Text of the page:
- Department of Fire Services
Media Contact for Prevent Mulch Fires: Follow Regulation and Dispose of Smoking Materials Safely
Jennifer Mieth, Public Information Officer
STOW — State Fire Marshal Peter J. Ostroskey said, “Every year around this time, we experience many fires started by cigarettes tossed into piles of bark mulch, which is combustible and can easily catch fire.” He added, “We are asking smokers to dispose of their smoking materials responsibly in order to prevent fires. Don’t toss cigarette butts into mulch or a pile of dried leaves.”
“Businesses and homeowners that are sprucing up their landscaping should also provide and maintain safe receptacles for disposing of smoking materials so that people won’t start fires by tossing cigarettes into the mulch,” said State Fire Marshal Ostroskey, “Metal containers with sand are best.”
“If you see a smoldering mulch pile, please call 9-1-1 so the fire department can make sure it is truly extinguished. Mulch can smolder for a long time before erupting into flames,” said Ostroskey.
In the past five years (2013 – 2017), there have been 231 fires that started in mulch and spread to buildings. These 231 fires caused one civilian death, one civilian injury, 16 fire service injuries and property damages of $10.2 million. Fires that start on the exterior of buildings are usually not detected early, and by the time they enter the building to trigger a fire alarm, smoke detector or sprinkler system, the fire is already large. Fortunately, many mulch fires are caught and extinguished before spreading to a building or motor vehicle.
On the Department of Fire Service’s website, there is a Mulch FireFactor, an educational hand-out in both English and Spanish on mulch fire safety and the Fire Code. It can be used by fire departments to educate the community on the regulation and for building managers, landscapers and companies that store and sell mulch, to educate their staff.
Nurseries, Landscapers and Property Managers Need to Know the Rules
Fire officials want to remind building owners, property managers, nurseries and landscaping companies about the proper placement and storage of mulch in order to prevent these types of fires. Ostroskey said, “It’s important for mulch storage piles to be 30’ apart to keep fires from spreading.”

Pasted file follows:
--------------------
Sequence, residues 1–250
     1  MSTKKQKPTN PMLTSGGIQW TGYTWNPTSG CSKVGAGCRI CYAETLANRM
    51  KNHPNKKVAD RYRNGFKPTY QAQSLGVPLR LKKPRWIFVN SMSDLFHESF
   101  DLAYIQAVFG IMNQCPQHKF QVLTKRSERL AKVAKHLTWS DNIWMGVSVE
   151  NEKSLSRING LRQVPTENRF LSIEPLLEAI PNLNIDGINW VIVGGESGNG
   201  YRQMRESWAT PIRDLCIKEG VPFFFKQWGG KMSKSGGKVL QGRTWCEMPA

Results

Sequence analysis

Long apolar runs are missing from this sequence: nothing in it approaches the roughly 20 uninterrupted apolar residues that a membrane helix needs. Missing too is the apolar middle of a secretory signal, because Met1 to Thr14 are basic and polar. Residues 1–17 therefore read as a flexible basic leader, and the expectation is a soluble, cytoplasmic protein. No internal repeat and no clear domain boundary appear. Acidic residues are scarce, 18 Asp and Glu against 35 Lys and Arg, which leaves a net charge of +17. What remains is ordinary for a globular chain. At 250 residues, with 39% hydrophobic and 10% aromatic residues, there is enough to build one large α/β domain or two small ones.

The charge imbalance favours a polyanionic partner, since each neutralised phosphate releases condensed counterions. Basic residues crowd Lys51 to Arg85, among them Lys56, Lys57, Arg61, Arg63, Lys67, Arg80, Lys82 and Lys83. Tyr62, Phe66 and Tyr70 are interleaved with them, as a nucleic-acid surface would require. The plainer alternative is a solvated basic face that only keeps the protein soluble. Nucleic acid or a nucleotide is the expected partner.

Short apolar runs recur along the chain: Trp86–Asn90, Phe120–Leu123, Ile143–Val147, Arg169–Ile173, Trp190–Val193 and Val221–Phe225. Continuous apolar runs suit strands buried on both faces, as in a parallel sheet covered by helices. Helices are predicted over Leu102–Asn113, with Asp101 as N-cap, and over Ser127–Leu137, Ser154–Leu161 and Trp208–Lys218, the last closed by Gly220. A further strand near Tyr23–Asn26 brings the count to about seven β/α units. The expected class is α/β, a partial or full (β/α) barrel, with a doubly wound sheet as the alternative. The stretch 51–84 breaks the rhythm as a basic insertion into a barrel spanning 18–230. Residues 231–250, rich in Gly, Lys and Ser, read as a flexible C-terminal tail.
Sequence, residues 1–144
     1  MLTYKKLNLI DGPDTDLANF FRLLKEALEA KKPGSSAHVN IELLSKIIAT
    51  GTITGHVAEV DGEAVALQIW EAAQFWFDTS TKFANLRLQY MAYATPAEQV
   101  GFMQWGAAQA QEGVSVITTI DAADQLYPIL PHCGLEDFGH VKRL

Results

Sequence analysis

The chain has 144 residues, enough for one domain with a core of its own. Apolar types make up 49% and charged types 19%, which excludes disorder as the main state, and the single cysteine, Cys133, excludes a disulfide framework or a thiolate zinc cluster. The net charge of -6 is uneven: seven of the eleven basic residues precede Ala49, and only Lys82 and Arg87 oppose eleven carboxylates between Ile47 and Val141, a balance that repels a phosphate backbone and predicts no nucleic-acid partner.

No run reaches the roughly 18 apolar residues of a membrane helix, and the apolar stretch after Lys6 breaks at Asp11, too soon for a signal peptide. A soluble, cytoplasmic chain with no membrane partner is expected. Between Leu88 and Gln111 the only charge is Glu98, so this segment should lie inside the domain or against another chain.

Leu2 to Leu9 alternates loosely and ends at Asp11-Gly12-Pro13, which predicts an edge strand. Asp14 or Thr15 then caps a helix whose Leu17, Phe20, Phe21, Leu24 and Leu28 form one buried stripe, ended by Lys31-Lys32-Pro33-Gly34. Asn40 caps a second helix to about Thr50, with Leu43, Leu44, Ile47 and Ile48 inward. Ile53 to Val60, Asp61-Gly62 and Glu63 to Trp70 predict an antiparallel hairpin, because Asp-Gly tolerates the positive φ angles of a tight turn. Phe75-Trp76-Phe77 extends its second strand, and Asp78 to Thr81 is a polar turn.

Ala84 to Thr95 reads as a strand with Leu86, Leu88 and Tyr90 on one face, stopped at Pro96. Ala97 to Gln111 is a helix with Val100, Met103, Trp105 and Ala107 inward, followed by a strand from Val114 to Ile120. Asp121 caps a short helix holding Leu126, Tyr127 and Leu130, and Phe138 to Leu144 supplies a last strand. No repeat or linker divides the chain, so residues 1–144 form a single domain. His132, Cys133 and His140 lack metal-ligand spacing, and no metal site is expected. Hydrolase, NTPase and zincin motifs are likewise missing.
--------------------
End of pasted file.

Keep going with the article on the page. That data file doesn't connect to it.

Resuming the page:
Keep Mulch 18” Away From Buildings
Here are some tips for property managers and building owners on how to prevent mulch fires:
- Keep wood mulch 18” away from combustible exteriors of buildings such as wood or vinyl siding and decks. Don’t put it right up against the building.
- Use materials such as pea stone or crushed rock for the first 18” as a barrier around the foundation of the building and around gas and electrical meters.
- Provide proper receptacles for smoking materials.
State Fire Code on Mulch Application
The Comprehensive Fire Safety Code (527 CMR 1.00, section 10.14.10.4) prohibits the new application of mulch within 18” around combustible exteriors of buildings, such as wood or vinyl but not brick or concrete. Residential buildings with six units or less are exempted from this regulation, but all homeowners may also wish to adopt these safety practices. The regulation applies to all other buildings including commercial properties.
Storage and Manufacturing of Mulch
The regulation (527 CMR 1.00, section 22.214.171.124.3) also has safety requirements for those who store or manufacture mulch. It limits the size of mulch piles and requires a distance of 30-feet between piles and 25-feet from the lot line. Large piles of mulch can easily spontaneously combust with all the heat they generate, so it’s important to be vigilant and employ good housekeeping. The distance between piles prevents a fire from easily spreading to another pile or to a building.
Permits Required to Store 300+ Cubic Yards of Mulch
Permits are required from the fire department wherever more than 300 cubic yards of mulch is produced or stored.
Arlington Fatal Fire Destroyed 36-unit Apartment and 6 Cars
One of the most destructive mulch fires in Massachusetts occurred on May 5, 2015 in a large Arlington apartment complex. One man died in the fire started by smoking materials discarded in a mulch bed, which spread to a car, then to a building. Thirty-six apartments and six cars were destroyed. The building had no sprinklers and the estimated dollar loss was $6.7 million.